“My GP said my job was making me unwell but I kept working until I was hospitalised with an asthma attack.”

Debbi Wood, 58, was diagnosed with occupational asthma
27 years ago

“I worked full-time as a carpet shop manager for seven years. It was a big store with lots of massive carpets on rolls. The carpet fitters would often come in to cut the carpets, and the heating system would blow out carpet fibres into the air. It didn’t enter my head to worry about breathing them in. I liked the role and my colleagues."

I didn’t realise I had typical asthma symptoms

“For about nine months, I developed a persistent cough and went through a cycle of needing a week or so off because I was struggling to breathe, recovering, returning to work and becoming unwell again. My GP spotted the pattern and diagnosed occupational asthma. He prescribed a blue reliever inhaler and a brown preventer inhaler and said I should give up my job.

“My priority was to provide a home for my five-year old daughter. Even though the coughing was starting to affect my sleep and I couldn’t go out with friends in the evenings without having to leave early due to the smoke in pubs, I kept working and convinced myself everything would be okay.

“The December after my diagnosis, I wheezed and coughed all through my daughter’s first nativity play and that night my mum called an ambulance. Not being able to breathe was terrifying. After that, my GP refused to allow me to return to work and I was forced to medically retire.

It has been a difficult journey…

“I couldn’t work for seven years, which was horrendous financially. Over the years I’ve had several asthma attacks and hospital admissions. And because of long-term steroid use, I now have other health problems, including osteoarthritis.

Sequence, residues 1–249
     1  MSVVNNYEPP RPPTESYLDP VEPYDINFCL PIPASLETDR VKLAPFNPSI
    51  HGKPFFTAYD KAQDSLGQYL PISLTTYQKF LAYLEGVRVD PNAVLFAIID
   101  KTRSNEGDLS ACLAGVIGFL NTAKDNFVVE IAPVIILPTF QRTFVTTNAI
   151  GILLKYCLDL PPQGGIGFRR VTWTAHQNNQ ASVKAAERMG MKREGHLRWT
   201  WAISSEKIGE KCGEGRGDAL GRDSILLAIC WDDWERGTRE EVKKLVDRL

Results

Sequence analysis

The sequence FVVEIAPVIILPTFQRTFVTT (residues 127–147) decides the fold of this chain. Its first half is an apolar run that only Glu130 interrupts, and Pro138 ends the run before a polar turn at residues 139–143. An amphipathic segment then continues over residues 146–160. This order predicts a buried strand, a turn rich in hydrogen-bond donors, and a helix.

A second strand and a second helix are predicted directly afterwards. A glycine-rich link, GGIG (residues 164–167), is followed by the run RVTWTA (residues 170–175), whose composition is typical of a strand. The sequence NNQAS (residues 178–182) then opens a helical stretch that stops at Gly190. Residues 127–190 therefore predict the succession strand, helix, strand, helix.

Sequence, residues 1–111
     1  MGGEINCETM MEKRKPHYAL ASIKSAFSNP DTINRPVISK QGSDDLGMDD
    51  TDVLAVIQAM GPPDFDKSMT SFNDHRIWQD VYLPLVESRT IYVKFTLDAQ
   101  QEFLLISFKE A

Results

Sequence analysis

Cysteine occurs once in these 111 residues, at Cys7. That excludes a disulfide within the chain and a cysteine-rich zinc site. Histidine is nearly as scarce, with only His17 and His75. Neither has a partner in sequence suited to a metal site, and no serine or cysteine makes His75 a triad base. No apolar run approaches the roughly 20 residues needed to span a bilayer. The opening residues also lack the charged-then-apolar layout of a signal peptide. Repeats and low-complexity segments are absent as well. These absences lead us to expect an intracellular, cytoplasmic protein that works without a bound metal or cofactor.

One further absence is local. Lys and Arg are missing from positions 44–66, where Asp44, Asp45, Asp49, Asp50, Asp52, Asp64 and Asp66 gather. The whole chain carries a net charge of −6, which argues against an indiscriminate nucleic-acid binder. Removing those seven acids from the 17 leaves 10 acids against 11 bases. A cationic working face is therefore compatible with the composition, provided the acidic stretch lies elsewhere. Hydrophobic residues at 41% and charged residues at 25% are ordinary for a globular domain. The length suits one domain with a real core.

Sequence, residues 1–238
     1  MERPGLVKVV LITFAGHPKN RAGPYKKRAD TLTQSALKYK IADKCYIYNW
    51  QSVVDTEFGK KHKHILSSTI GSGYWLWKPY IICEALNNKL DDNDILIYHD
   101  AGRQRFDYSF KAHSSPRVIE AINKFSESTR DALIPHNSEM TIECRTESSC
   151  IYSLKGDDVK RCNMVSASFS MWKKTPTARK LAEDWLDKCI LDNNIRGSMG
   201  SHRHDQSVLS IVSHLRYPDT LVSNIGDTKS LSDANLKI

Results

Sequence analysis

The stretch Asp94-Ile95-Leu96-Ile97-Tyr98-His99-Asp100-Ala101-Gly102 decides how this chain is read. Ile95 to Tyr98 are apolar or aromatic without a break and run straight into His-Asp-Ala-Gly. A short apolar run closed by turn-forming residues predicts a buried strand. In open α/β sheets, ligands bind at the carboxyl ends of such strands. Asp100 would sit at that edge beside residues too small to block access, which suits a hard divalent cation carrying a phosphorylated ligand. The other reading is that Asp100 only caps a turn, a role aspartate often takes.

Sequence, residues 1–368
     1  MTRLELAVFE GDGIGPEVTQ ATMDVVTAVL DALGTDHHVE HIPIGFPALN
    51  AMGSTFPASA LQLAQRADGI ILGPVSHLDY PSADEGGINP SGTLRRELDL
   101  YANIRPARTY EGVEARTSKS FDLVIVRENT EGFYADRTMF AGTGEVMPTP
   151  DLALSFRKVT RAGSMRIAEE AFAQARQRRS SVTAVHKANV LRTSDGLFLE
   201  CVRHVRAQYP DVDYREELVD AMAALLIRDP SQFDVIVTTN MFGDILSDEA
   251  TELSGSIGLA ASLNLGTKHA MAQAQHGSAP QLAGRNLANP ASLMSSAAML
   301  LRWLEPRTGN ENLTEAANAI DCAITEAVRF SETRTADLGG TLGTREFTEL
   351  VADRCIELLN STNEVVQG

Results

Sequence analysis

“If only I knew then what I know now! Apparently, as well as the tiny carpet fibres, a glue that’s used in the backs of the carpets can damage airways if you inhale it often enough.

“My condition might have been avoided if there had been a separate area for the fitters to cut the carpets. And something as simple as wearing masks could have made a huge difference. But nobody considered health and safety as much in the 80s and 90s and it didn’t occur to me to speak to my employers about my wellbeing. I think I was too focused on keeping my job."

…but I’m enjoying work again now!

“Gradually I became better at managing my asthma and returned to work part-time. I’m now working full-time for a local authority and my employers couldn’t be more supportive. They let me work from home if I’m unwell. After a colleague came in after a gym session wearing lots of deodorant, which triggered an asthma attack, my boss immediately sent out an email banning perfumes and sprays.

“I do cough and wheeze at work but my colleagues understand. After that email, they came over one by one and asked me what they can do to help. They know not to call a first-aider if I’m having an asthma attack, but to dial 999 straight away  – this helps me feel safe when I’m at work.

I’m doing lots of things to manage my asthma

“I’m 58 now but want to keep working full-time for as long as I can. I take my medication like clockwork: my inhalers are next to my bed so I take them first thing in the morning and last thing at night. And I have a portable nebuliser used under hospital direction in my car and at work.

“I know my triggers – mainly perfume, smoke, changes in the weather and chlorine. I can avoid some of them, for instance, I don’t walk past strong-smelling cosmetics shops or wear hand cream because the scents set off my coughing. I’ve got a weather app on my phone as cold and damp can be a trigger. I wrap a scarf around my mouth and nose when it’s chilly and I never go out without an umbrella. If I go swimming, I can tell by the smell in the changing rooms whether there’s too much chlorine in the water. If there is, I don’t go swimming. I have to be flexible.

“The main thing I’ve learned about managing this condition is that I need to pace myself – overdoing it makes me unwell. My friends and family understand that I might need to drop out at the last minute and go home and rest. They’re all very supportive. That’s the key to staying as well as possible with asthma, I think – going with the flow depending on what my body’s telling me at that particular time.”

Last updated May 2017